Mortuary Behavior and Social Trajectories in Pre- and Protopalatial Crete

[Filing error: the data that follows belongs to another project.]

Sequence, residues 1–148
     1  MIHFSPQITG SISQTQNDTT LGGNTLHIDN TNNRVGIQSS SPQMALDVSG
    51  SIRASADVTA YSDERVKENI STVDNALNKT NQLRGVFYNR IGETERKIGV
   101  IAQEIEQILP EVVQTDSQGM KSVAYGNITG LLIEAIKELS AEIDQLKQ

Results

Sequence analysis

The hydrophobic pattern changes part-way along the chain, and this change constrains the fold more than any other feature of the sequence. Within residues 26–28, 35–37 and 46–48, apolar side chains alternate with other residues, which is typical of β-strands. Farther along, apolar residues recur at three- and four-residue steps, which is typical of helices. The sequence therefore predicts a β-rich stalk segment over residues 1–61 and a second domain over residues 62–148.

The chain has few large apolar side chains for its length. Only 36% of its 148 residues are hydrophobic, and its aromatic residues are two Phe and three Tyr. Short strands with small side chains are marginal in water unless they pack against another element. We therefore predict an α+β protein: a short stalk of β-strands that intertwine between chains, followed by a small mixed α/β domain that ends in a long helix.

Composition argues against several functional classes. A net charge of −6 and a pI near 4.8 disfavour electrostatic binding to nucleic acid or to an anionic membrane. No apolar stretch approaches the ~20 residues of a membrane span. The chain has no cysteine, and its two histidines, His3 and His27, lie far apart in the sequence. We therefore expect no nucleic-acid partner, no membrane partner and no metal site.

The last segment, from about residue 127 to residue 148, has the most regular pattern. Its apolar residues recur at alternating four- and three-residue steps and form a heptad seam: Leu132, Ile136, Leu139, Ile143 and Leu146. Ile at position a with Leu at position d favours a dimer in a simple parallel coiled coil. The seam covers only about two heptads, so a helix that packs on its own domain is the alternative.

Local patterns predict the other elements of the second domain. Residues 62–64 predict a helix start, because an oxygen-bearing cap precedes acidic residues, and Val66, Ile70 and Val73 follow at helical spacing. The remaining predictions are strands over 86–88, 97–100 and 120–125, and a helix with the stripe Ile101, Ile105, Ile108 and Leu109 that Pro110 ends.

The archaeological remains of Pre- and Protopalatial (Early Minoan I to Middle Minoan IIB) Crete include a large number of tombs and cemeteries dating to the third and second millennium B.C.E. These periods constitute a distinct cycle in terms of mortuary customs that was clearly defined by two significant attributes: the use of similar types of tombs and the deposition of significant amounts of material, objects that must be considered socially valuable. This mortuary cycle corresponded with dynamic social changes on Crete that ended in the appearance of a state society. Cemeteries and funerary rituals were central social arenas in Pre- and Protopalatial Crete. The study of the mortuary record therefore can elucidate dynamic history of Cretan communities during the Pre- and Protopalatial periods. This book constitutes an effort to reach a better understanding of a key period in Cretan and European history by a clear and concise approach to the funerary evidence: it is a comprehensive study of the totality of the known Cretan mortuary record during the Pre- and Protopalatial periods.
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